Tips for Reading to Your Baby
The Loving Language Method: Reading, Talking, Singing—and Chewing!
Reading: Making Connections to Your Baby
Talking: Engaging Your Baby Is Essential
Singing: A Fun Way to Build Language
Finding Time: Read and Sing while Feeding Your Baby
- Babies learn best when you ask and answer questions about the story and pictures. Follow your baby’s gaze and reactions so you can talk about things your baby finds interesting. It’s also helpful to point at, name, and count details in the pictures.
- Infants usually don’t pay attention for long. That’s okay. Reading with your baby gives you quiet time to snuggle, smile, and interact. Focus on your baby’s interests, and don’t worry about reading the whole book. Over time, your baby will develop a longer attention span.
- Sometimes it’s hard to tell how much of a book infants understand, but reading is still important. Exposure to the words and pictures is essential for learning. Over time, with lots of practice, infants will understand more and more.
- In addition to reading every day, talking to your baby throughout the day is essential for language development. Whether you’re doing laundry or going for a walk, you can explain what you’re doing, ask and answer questions, count things, and name colors and letters. Pay attention to where your baby is looking and pointing so you can name and explain the people, objects, and activities your baby sees.
- If you read and talk to your baby every day, you’ll be amazed at how quickly your baby learns.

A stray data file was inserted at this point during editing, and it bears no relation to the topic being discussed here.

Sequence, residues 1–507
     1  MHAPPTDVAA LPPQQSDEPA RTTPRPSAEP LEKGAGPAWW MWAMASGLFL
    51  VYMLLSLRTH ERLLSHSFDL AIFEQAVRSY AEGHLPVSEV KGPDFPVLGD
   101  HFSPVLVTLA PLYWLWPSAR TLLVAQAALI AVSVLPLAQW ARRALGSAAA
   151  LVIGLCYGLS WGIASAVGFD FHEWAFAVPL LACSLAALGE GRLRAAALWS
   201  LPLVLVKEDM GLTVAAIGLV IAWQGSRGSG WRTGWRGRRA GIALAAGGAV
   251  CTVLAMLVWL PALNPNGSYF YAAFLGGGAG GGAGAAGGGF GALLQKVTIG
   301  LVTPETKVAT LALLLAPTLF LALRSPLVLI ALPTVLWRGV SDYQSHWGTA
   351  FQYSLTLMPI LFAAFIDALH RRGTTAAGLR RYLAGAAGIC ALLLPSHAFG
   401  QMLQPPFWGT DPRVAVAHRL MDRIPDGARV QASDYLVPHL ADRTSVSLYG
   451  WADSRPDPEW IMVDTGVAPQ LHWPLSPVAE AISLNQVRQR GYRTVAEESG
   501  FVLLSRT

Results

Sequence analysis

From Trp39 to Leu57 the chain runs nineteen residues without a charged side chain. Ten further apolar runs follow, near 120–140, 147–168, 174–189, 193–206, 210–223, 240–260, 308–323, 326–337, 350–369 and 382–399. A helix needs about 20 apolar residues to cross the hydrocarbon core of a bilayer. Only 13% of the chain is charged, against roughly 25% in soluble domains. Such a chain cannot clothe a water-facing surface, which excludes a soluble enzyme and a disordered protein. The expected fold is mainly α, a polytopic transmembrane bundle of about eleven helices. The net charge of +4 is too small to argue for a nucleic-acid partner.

- Older babies and toddlers often like to have the same book read to them many times. Indulge them! Since they have so much to learn, each time they will understand a little more of what they hear and see. Rereading books provides a familiar context that supports learning—it’s also comforting.
- With three- and four-year-olds, listening comprehension really takes off. You can make story time magical by creating voices for the characters and even acting out some parts of the story. Nonfiction books are great for preschoolers too; they are curious about the world and fascinated by science and history. You don’t have to be an expert—just keep reading to and learning with your child.
- One great way to increase learning is to select several books on one topic. From Mars to ancient Egypt to dinosaurs, your local librarian should be able to help you find five to eight books—and a couple of videos too—on a topic. That way, you can start with a simple book and then dive into more detailed books as your child becomes curious and asks questions.
- Throughout childhood, books aren’t just for reading. You can sing the story, use the pictures to make up new stories, and play games like searching for favorite colors.